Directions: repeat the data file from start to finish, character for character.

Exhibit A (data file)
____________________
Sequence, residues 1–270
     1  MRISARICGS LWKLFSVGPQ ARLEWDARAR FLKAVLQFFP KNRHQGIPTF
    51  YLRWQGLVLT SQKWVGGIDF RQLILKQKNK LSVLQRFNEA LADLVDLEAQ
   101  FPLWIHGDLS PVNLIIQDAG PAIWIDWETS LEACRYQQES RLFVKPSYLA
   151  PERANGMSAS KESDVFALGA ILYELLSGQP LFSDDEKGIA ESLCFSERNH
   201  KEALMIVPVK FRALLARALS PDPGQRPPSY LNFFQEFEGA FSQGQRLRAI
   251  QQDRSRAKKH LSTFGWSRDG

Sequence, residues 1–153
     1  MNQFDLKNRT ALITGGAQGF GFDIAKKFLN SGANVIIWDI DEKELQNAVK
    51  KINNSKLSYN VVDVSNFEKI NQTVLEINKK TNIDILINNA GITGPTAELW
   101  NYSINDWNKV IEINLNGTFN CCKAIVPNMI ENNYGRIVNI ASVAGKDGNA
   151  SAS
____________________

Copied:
Sequence, residues 1–270
     1  MRISARICGS LWKLFSVGPQ ARLEWDARAR FLKAVLQFFP KNRHQGIPTF
    51  YLRWQGLVLT SQKWVGGIDF RQLILKQKNK LSVLQRFNEA LADLVDLEAQ
   101  FPLWIHGDLS PVNLIIQDAG PAIWIDWETS LEACRYQQES RLFVKPSYLA
   151  PERANGMSAS KESDVFALGA ILYELLSGQP LFSDDEKGIA ESLCFSERNH
   201  KEALMIVPVK FRALLARALS PDPGQRPPSY LNFFQEFEGA FSQGQRLRAI
   251  QQDRSRAKKH LSTFGWSRDG

Sequence, residues 1–153
     1  MNQFDLKNRT ALITGGAQGF GFDIAKKFLN SGANVIIWDI DEKELQNAVK
    51  KINNSKLSYN VVDVSNFEKI NQTVLEINKK TNIDILINNA GITGPTAELW
   101  NYSINDWNKV IEINLNGTFN CCKAIVPNMI ENNYGRIVNI ASVAGKDGNA
   151  SAS